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A multi-level approach to the analysis of narrative language in aphasia
Andrea Marini, Sara Andreetta, Silvana Del Tin, Sergio Carlomagno, 2011, original scientific article

Abstract: Several studies have shown that traditional standardised aphasia tests may not be sensitive enough to adequately assess linguistic deficits and recovery patterns in persons with aphasia. As a result, both functional and structural methods for the ana- lysis of connected language samples from people with aphasia have been devised (see Armstrong, 2000; Prins & Bastiaanse, 2004). The present article focuses on our attempt to provide a comprehensive, multi-level procedure for both structural and functional analysis of narrative discourse produced by speakers with brain damage. Accordingly, we will describe a method for analysis of connected language samples elicited on single picture and cartoon story description tasks. This method has proven sensitive in the assessment of language deficits in many neurogenic populations. A comprehensive description of the language production sys- tem, a thorough discussion of the different approaches to discourse analysis in persons with aphasia, and the procedure for the analysis of narrative discourse are detailed. The characteristics of the eliciting stimuli, the procedures for their administration and the transcription of the language samples are carefully explained. The analysis focuses on four main aspects of linguistic processing: productivity, lexical and grammatical pro- cessing, narrative organisation, and informativeness. To further illustrate the analytic procedure, two case reports and an appendix with the analysis of a narrative sample are provided. We will provide direct evidence of the usefulness of the multi-level procedure for discourse analysis for assessing changes in discourse performance of two persons with fluent aphasia, with different aetiologies, that were not captured by tradi- tional standardised aphasia tests. The method of analysis presented in this paper has strong grounds in linguistic and psychological theories of linguistic structure and functioning. It also has the advantage of being both quantitative and functional as it captures selective aspects of linguistic processing, and can provide relevant information about the person's communicative and informative skills.
Found in: ključnih besedah
Keywords: aphasia, language, narrative analysis
Published: 07.03.2016; Views: 1477; Downloads: 1
.pdf Fulltext (193,37 KB)

Patterns of impairment of narrative language in mild traumatic brain injury
Andrea Marini, Marina Zettin, Sara Andreetta, Valentina Galetto, 2013, original scientific article

Abstract: Mild traumatic brain injury (mTBI) represents a condition whose cognitive and behavioral sequelae are often underestimated, even when it exerts a profound impact on the patients’ every-day life. The present study aimed to analyze the features of narrative discourse impairment in a group of adults with mTBI. 10 mTBI non-aphasic speakers (GCS > 13) and 13 neurologically intact participants were recruited for the experiment. Their cognitive, linguistic and narrative skills were thoroughly assessed. The group of mTBIs exhibited normal phonological, lexical and grammatical skills. However, their narratives were characterized by the pres- ence of frequent interruptions of ongoing utterances, derailments and extraneous utterances that at times made their discourse vague and ambiguous. They produced more errors of global coherence [F (1; 21)1⁄424.242; p1⁄4.000; h2p1⁄40. 536] and fewer Lexical Information Units [F (1; 21) 1⁄4 7.068; p 1⁄4 .015; h2p 1⁄4 .252]. The errors of global coherence correlated negatively with non- perseverative errors on the WCST (r 1⁄4 1⁄4.755; p < .012). The mac- rolinguistic problems made their narrative samples less informa- tive than those produced by the group of control participants. These disturbances may reflect a deficit at the interface between cognitive and linguistic processing rather than a specific linguistic disturbance. These findings suggest that also persons with mild forms of TBI may experience linguistic disturbances that may hamper the quality of their every-day life.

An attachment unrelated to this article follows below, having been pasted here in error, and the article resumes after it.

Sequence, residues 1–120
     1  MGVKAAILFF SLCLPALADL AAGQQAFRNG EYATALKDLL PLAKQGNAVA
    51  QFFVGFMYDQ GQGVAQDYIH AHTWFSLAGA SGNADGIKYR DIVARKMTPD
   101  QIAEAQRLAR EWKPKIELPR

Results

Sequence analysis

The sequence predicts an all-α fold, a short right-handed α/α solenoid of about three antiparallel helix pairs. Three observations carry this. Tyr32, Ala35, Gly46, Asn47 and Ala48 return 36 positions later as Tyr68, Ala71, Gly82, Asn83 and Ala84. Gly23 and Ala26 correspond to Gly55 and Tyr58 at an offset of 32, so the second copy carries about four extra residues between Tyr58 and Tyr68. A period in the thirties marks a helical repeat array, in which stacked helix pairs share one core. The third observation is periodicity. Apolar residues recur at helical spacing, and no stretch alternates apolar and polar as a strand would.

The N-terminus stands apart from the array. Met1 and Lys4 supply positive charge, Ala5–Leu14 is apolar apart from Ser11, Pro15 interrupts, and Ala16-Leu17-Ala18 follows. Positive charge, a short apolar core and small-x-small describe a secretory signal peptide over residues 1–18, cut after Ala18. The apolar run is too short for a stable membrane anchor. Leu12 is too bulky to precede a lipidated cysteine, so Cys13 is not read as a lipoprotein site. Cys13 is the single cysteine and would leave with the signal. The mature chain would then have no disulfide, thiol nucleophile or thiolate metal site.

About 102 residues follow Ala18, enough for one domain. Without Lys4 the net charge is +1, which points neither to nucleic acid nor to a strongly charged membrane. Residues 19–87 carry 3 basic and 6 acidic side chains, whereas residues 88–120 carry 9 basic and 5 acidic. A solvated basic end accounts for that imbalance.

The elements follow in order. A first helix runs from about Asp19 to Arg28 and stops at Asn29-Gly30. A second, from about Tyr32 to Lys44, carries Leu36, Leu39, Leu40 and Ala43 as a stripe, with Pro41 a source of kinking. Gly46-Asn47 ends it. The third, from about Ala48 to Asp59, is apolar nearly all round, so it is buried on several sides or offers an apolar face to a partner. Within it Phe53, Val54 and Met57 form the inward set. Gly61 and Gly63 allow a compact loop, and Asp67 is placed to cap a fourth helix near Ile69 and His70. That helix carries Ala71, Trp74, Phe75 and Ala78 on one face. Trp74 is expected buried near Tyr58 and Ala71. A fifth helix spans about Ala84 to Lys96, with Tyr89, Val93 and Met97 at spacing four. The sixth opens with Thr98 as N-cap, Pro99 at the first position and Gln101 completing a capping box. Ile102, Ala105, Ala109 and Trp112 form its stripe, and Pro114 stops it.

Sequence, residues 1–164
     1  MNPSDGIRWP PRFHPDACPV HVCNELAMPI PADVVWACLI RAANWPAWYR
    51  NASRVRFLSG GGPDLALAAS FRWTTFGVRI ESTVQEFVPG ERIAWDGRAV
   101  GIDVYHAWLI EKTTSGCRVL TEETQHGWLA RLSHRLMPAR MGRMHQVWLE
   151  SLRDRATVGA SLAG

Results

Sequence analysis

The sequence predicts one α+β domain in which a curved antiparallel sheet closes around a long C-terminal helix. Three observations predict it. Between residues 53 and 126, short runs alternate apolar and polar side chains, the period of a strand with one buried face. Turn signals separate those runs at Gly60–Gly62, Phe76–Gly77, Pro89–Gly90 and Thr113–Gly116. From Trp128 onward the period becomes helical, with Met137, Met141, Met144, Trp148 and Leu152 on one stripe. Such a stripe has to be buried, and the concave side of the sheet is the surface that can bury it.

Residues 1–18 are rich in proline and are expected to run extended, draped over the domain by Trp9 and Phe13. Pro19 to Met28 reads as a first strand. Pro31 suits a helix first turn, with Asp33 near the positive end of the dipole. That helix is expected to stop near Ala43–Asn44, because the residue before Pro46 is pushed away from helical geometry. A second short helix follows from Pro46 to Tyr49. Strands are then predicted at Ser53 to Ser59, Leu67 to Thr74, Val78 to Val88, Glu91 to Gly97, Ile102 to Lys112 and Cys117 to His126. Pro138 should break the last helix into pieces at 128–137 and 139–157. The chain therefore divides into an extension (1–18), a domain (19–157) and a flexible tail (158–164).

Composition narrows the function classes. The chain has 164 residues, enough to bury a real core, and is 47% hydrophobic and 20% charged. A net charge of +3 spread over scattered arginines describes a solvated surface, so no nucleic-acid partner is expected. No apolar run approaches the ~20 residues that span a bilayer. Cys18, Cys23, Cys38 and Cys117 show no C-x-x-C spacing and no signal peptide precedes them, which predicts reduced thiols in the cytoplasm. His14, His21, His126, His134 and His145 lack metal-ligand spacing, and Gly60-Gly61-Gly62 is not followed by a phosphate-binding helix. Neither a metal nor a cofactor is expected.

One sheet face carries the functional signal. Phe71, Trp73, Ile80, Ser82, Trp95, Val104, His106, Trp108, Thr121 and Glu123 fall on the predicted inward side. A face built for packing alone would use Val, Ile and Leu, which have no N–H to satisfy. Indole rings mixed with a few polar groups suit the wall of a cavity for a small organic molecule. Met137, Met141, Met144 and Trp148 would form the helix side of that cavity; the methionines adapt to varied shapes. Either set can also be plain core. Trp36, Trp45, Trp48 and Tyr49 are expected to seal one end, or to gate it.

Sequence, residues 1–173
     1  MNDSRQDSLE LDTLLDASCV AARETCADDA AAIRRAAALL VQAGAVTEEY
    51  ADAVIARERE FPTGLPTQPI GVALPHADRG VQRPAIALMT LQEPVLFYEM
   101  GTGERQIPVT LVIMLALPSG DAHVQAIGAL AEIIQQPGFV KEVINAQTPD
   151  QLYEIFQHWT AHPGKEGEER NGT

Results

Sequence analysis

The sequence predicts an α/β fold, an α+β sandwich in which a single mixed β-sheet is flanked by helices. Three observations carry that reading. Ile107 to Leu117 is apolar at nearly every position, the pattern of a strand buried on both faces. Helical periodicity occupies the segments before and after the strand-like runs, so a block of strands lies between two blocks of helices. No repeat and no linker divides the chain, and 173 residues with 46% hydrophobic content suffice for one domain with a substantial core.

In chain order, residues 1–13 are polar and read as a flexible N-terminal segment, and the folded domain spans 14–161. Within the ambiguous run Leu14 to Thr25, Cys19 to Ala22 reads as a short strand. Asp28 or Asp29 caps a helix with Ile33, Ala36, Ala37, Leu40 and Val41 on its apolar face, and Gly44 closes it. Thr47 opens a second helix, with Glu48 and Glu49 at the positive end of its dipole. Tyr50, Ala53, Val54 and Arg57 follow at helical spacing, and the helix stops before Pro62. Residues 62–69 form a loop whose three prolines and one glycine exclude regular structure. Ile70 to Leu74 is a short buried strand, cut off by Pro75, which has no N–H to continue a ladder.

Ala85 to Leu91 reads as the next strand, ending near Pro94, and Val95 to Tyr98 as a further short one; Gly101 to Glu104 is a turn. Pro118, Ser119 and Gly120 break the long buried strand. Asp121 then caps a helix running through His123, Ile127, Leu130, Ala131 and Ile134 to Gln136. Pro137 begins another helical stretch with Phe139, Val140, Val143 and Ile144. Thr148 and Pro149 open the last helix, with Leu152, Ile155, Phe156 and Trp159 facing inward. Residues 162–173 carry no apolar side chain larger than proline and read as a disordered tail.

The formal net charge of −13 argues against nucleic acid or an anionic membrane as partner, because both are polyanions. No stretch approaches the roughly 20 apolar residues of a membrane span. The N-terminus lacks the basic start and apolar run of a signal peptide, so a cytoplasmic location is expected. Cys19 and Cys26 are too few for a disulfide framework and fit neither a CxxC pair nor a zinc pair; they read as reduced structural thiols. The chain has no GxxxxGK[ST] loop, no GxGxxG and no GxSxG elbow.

Found in: ključnih besedah
Summary of found: ...mild traumatic brain injury, narrative analysis, neurolinguistics, neuropsychology...
Keywords: mild traumatic brain injury, narrative analysis, neurolinguistics, neuropsychology
Published: 07.03.2016; Views: 1711; Downloads: 1
.pdf Fulltext (288,52 KB)

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